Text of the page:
Information booklet about the recording of Cantores Sancti Gregorii. This programme is built around the reconstruction of the early 16th century liturgical practice in the Heilige Stede Kapel in Amsterdam, namely, the votive Mass of the Blessed Sacrament celebrated weekly together with the procession with the Miraculous Host. The central piece of this concert is the famous Occo Codex, luxurious choirbook made for Heilige Stede Kapel by the workshop of Petrus Alamire, from which we chose Josquin's Missa Pange lingua and several motets connected to the devotion to the Blessed Sacrament. Plainchant and other liturgical elements also come from graduals and missals of local provenance.
Corpus Christi as well as the anniversary of the miracle itself must have had an important role and been celebrated with great festivity. (For special occasions there are mentions of the use of trumpets, shawns and drums in processions) There has been also a weekly procession in which the Miraculous Host was brought every Wednesday to the Ou<strong>de</strong> Kerk and back. It is also quite likely, that as in many other churches in this time, a weekly (if not daily) votive mass of the Blessed Sacrament was offered here. T he only official connection of Pompeius Occo to the chapel of the Heilige Ste<strong>de</strong> seems to be his tenure as churchwar<strong>de</strong>n from 1513 to 1518 after which he pursued supposedly politically more important positions in the Holy Cross Guild and the Nieuwe Kerk. Occo was an agent of the Fugger firm in Amsterdam, a very distinctive figure of the merchant elite, a man of learning and <strong>de</strong>votion as well as a patron of arts. He lived in the Kalverstraat, very close to the Heilige Ste<strong>de</strong>, and it has been conjectured that he retained a special relationship to this institution. In<strong>de</strong>ed, a poem composed by Alaard of Amsterdam mourning the <strong>de</strong>ath of Occo singles out his attachment to this chapel and his many material donations and offerings. O ne of these is also the Occo Co<strong>de</strong>x, a large luxurious music manuscript from the workshop of Petrus Alamire. There is a very clear liturgical focus on the veneration of the Blessed Sacrament, to which the first section of the book is <strong>de</strong>dicated. We find here 5 settings of O salutaris hostia, Tantum ergo, a polyphonic introit for Corpus Christi, Cibavit eos, as well as two masses whose melodic material is taken from chants connected with Corpus Christi: Hotinet Barra’s <strong>Missa</strong> Ecce panis angelorum and Josquin <strong>de</strong> Pres’ <strong>Missa</strong> Pange lingua. The second part of the manuscript consists of five more mass settings and one Requiem.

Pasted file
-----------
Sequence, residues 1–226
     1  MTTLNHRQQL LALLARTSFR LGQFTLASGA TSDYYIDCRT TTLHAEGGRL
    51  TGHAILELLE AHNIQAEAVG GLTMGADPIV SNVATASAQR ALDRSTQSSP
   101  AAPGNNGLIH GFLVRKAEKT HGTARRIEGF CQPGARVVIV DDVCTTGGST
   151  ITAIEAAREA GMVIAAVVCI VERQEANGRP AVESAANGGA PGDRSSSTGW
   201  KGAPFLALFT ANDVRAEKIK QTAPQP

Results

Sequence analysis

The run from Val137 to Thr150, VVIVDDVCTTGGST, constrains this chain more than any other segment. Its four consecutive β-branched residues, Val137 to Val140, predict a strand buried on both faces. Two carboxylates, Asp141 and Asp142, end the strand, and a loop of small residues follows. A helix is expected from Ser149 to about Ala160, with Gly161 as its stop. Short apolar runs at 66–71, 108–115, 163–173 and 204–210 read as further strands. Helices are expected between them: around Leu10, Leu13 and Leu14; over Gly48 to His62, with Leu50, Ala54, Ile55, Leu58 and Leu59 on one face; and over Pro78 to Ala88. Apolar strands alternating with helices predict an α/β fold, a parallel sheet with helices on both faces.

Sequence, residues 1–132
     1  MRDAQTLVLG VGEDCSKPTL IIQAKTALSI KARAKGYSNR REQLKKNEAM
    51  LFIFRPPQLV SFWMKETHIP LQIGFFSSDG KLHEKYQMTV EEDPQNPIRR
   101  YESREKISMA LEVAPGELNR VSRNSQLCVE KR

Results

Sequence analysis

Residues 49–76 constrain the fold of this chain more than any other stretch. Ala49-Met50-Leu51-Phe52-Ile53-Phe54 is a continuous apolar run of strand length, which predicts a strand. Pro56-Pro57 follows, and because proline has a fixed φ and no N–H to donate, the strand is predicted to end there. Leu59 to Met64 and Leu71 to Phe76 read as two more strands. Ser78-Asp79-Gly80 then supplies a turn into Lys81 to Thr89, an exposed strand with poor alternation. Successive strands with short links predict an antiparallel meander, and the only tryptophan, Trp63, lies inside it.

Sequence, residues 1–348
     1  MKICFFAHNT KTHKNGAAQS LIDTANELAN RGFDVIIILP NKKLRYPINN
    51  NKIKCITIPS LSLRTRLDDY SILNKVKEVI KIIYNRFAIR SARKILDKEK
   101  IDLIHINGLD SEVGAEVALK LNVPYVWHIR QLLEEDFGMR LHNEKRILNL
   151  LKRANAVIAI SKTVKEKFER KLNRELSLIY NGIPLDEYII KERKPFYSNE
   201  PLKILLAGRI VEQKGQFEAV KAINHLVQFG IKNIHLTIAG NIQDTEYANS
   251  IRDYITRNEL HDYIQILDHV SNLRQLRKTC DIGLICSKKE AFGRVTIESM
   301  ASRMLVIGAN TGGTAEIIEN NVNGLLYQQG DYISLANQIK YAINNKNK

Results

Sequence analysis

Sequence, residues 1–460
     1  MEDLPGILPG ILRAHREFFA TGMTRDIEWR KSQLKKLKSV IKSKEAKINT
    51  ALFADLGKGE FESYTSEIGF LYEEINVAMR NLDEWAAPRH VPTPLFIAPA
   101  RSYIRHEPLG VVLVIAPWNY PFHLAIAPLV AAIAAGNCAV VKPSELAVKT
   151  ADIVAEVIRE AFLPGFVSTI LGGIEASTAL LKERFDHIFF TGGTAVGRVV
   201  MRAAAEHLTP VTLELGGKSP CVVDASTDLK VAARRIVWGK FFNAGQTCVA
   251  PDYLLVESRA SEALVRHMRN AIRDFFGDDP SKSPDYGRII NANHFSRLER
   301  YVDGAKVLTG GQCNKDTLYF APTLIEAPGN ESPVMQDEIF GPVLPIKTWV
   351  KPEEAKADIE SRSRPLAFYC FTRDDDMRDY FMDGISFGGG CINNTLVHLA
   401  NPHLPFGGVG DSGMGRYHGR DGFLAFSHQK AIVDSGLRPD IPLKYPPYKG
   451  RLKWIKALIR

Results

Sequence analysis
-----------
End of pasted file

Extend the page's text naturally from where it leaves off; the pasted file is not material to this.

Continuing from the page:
Our programme is based on the votive Mass of the Blessed Sacrament (i.e. <strong>Missa</strong> <strong>de</strong> Venerabili <strong>Sacramento</strong>) according to the <strong>Missa</strong>le for the use of Utrecht printed in 1511 in Anwerpen. One of the features differentiating it from the standard Roman use is that the sequence Lauda Sion of Corpus Christi, which would normally be used only for the feast itself and not in a votive Mass, does appear here in a shortened form of last four stanzas. Plainchant tones for the ordinary parts of the Mass (such as Preface, Pater noster, Ite missa est etc.) are also taken from this source. Polyphonic responses (Amen, Et cum spiritu tuo etc.) which seem to have been a common feature of the liturgical and musical practice in the 16th century come from Co<strong>de</strong>x Smijers, choirbook of plainchant and polyphony used by the Brotherhood of Our Illustrious Blessed Lady in ʹs‐Hertogenbosch. P lainchant propers (Graduale, Alleluia, Offertorium and Communio) are taken from an early 16th century Graduale, currently kept in Museum Catharijneconvent which most probably originated in the Agnesklooster, Fransiscan friary in Hoorn. It preserves a notational and melodic variant of Gregorian chant characteristic for the northern Low Countries. T he setting of Cibavit eos which opens the programme is the only one of the motets in the Occo Co<strong>de</strong>x connected with eucharistic <strong>de</strong>votions with a fixed liturgical function, sc. the introit of Corpus Christi. Consistent with the form of plainchant introit, it is written in two sections, the antiphon and the psalm verse. While in the verse, the cantus firmus is mostly to be found in tenor, the more contrapuntal setting of the antiphon paraphrases the chant in different, usually at least two, voices. The melodic form of the plainchant employed points to an origin in Germany or the Low Countries (East Frankish chant dialect). J osquin’s <strong>Missa</strong> Pange lingua is one of his last Mass settings and one of four Masses he wrote that are based on plainchant mo<strong>de</strong>ls, which in this case is a hymn for Corpus Christi by Thomas Aquinas. The Mass is transmitted in some 26 sources known to us